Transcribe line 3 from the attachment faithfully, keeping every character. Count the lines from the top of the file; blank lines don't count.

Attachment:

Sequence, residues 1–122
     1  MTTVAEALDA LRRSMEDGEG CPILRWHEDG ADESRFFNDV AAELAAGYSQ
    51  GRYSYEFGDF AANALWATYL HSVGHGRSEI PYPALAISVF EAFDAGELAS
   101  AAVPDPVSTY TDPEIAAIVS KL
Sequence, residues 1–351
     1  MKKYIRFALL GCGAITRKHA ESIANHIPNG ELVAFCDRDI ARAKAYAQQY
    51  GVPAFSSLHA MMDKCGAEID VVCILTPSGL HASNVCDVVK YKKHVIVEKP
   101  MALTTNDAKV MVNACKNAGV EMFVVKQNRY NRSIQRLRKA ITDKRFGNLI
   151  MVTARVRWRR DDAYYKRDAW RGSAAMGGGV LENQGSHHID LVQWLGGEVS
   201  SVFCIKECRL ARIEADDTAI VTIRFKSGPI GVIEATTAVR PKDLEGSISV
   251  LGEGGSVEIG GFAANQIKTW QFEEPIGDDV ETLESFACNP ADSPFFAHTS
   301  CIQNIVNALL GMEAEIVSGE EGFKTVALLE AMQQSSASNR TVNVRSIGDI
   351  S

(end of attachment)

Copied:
    51  GRYSYEFGDF AANALWATYL HSVGHGRSEI PYPALAISVF EAFDAGELAS